The intersecting worlds of the iliri, grauori, and men collide when an alliance is declared, and the humans renege. In the midst of offering an olive branch to other races, they seem secretly hellbent on destroying them all—and they begin by putting Sal on trial and disbanding the Black Blades. Auryn Hadley offers up deft commentary on racism between communities—melded with fantastical action-adventure in a world at war, and passionate erotic romance in this fourth installment of the Rise of the Iliri.
True to its title, in Inseparable, on the world of Ogun, it’s the connections between all beings—human and otherwise—that will save or destroy them.
Her recent mission a success, fearless (and irresistibly arousing) iliri warrior Lieutenant Salryc Luxx gets thanks in the form of imprisonment by the Conglomerate of Free Citizens. Sal’s not even sure what she’s accused of, but she suspects it’s the color of her pale skin—not her actions—that’s really on trial.
Kinetry, an old comrade and ally of the Black Blades now forced to hold Sal, warns her that a rash of anti-iliri sentiment is sweeping Parliament and the military. In fact, it seems men don’t care for any race but their own. But Kinetry doesn’t know that the King of Anglia is on his way to the military stronghold. Nor does he know the King is bringing with him thousands of grauori soldiers, members of a race of formerly hidden human-like wolves whose hunting and battle skills are unmatched.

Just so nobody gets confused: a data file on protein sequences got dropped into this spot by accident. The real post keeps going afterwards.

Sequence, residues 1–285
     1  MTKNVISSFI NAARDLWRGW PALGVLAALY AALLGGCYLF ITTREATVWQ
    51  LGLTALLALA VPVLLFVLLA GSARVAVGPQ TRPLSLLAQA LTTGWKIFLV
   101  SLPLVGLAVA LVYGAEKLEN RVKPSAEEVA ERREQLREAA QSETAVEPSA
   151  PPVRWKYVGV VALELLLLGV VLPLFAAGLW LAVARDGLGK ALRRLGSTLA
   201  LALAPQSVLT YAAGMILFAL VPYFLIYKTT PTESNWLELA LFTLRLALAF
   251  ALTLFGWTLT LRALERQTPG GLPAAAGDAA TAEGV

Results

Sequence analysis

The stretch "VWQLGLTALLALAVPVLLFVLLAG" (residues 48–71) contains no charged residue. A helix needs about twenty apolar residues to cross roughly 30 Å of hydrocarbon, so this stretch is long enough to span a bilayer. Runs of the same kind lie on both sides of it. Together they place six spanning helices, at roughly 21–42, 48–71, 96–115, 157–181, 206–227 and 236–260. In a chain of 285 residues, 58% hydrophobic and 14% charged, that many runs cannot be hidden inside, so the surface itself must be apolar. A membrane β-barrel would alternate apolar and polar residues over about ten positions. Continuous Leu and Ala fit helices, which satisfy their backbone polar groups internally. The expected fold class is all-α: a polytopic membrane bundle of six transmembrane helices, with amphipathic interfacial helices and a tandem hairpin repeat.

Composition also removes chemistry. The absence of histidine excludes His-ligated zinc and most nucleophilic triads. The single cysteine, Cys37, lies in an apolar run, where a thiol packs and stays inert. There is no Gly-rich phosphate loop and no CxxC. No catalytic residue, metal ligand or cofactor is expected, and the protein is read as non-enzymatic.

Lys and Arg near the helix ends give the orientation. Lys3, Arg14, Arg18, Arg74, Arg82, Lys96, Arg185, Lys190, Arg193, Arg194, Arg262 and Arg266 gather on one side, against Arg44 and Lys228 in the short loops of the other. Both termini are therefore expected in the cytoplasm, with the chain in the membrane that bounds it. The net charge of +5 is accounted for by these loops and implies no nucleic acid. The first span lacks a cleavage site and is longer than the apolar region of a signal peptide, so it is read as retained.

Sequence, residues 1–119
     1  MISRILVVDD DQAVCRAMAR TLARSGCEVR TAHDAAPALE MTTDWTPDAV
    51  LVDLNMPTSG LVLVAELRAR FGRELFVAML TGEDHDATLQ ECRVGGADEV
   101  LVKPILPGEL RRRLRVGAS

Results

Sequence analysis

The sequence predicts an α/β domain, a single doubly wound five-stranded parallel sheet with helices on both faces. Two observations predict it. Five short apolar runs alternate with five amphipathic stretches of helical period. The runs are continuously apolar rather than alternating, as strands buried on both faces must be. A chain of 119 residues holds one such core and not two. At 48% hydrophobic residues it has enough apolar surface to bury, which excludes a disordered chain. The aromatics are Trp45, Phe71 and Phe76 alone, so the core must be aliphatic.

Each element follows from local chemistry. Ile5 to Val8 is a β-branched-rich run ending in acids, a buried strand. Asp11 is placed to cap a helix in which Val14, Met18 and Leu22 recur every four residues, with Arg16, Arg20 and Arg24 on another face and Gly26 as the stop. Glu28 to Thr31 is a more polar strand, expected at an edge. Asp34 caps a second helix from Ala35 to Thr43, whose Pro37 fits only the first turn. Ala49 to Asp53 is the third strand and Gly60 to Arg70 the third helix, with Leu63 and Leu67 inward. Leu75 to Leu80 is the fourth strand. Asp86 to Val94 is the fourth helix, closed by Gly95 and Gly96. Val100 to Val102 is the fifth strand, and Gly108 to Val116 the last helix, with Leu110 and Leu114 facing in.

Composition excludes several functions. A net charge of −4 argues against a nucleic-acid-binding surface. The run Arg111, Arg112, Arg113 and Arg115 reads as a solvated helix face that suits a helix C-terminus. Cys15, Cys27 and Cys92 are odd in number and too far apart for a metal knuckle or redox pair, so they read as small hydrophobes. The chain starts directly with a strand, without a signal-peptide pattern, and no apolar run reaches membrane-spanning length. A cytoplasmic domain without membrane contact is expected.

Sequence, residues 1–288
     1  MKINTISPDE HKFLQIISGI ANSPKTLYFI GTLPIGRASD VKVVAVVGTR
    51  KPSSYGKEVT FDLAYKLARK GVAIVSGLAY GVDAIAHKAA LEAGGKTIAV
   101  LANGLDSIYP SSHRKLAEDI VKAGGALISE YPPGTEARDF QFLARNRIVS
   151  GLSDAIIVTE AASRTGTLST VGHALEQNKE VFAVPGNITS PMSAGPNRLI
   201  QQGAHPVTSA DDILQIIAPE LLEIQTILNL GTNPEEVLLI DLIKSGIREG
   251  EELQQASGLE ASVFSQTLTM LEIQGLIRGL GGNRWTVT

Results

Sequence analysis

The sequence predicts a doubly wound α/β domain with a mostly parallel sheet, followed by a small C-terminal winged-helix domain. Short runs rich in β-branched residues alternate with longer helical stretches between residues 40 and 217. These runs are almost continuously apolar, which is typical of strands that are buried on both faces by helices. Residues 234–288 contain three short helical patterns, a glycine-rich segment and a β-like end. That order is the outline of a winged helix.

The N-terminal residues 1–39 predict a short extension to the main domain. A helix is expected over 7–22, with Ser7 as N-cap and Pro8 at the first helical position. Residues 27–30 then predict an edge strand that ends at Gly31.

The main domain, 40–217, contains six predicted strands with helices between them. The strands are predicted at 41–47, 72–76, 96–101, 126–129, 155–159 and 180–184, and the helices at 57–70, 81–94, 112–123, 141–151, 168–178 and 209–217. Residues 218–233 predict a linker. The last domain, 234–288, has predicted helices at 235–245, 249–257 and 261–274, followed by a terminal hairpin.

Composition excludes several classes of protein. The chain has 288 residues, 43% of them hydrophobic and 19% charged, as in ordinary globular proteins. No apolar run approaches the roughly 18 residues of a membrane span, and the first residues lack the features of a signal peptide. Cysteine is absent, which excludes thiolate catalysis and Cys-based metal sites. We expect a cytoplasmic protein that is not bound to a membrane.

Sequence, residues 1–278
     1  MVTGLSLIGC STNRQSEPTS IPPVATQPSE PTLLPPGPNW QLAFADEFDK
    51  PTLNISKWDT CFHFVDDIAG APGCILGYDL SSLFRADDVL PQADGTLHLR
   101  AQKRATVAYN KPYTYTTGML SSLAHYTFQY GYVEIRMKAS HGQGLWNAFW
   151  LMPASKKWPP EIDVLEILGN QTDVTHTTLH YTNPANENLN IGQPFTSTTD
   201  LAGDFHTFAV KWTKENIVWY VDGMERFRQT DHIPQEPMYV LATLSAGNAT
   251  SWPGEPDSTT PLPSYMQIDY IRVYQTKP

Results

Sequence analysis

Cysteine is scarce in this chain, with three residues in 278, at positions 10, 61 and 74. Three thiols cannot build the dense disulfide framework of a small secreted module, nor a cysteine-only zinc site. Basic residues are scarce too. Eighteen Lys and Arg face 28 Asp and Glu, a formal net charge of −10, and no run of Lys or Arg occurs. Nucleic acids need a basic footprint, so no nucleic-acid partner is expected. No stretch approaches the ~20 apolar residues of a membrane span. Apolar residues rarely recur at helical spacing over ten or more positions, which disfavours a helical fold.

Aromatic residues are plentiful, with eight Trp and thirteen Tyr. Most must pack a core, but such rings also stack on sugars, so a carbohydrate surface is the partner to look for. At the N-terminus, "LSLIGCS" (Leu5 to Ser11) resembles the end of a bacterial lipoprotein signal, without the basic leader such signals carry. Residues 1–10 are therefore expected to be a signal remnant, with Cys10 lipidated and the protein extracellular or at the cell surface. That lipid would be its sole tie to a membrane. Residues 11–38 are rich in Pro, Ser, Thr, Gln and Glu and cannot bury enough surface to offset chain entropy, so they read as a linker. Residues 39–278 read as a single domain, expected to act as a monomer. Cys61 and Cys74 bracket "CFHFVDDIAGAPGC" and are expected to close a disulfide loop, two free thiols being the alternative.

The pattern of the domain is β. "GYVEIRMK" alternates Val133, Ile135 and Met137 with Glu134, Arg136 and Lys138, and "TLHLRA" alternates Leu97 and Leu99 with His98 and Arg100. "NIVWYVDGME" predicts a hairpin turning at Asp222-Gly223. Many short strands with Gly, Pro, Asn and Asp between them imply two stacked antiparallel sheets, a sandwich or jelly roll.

If the King arrives before Sal’s trial is resolved, he’ll learn something in the courtroom that may destroy all hope of the intended alliance. Torn between truth and treason, Sal must navigate political sensitivities to hold the three races together. And just when she seems to get somewhere, the Conglomeration disbands the Black Blades.
The most psychologically complex and emotionally stirring of the Iliri tales, Inseparable delves deep into relationships: the connections between the iliri, grauori, and humans in increasingly uncertain and dangerous times, and the connections between comrades and lovers in all their grit and glory. Everyone knows Sal is irresistible to males, that’s part of what makes her such a brilliant assassin, but it’s her unbreakable devotion to her tribe that keep her alive—and the steamy interactions with her mates—old, new, and surprising—that keep the pages turning.
Women readers will thrill to the reverse harem idea that pushes the boundaries of epic fantasy in this second world series that may remind some of Avatar without the scary beasts; or even Game Of Thrones, but happier, with more color—and a dazzling female protagonist. Fans of Anne McCaffrey’s Dragonriders of Pern will find Sal’s planet Ogun a thrilling destination for their next fantasy fix.
Like all the books on this series, Inseparable is a complete novel, not a cliffhanger. And because the illiri have insatiable and exotic sexual instincts, the smoking hot sex may make it unsuitable for humans under 18.